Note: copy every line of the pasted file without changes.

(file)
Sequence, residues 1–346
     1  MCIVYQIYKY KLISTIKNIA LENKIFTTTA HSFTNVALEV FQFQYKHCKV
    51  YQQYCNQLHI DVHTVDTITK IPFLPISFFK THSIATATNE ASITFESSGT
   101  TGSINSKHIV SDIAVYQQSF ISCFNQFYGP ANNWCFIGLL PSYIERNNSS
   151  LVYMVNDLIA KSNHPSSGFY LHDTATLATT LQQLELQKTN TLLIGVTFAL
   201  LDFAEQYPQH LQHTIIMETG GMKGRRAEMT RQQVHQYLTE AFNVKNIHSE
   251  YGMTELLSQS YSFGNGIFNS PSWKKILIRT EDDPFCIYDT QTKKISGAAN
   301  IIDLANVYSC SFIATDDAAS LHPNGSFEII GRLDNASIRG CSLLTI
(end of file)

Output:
Sequence, residues 1–346
     1  MCIVYQIYKY KLISTIKNIA LENKIFTTTA HSFTNVALEV FQFQYKHCKV
    51  YQQYCNQLHI DVHTVDTITK IPFLPISFFK THSIATATNE ASITFESSGT
   101  TGSINSKHIV SDIAVYQQSF ISCFNQFYGP ANNWCFIGLL PSYIERNNSS
   151  LVYMVNDLIA KSNHPSSGFY LHDTATLATT LQQLELQKTN TLLIGVTFAL
   201  LDFAEQYPQH LQHTIIMETG GMKGRRAEMT RQQVHQYLTE AFNVKNIHSE
   251  YGMTELLSQS YSFGNGIFNS PSWKKILIRT EDDPFCIYDT QTKKISGAAN
   301  IIDLANVYSC SFIATDDAAS LHPNGSFEII GRLDNASIRG CSLLTI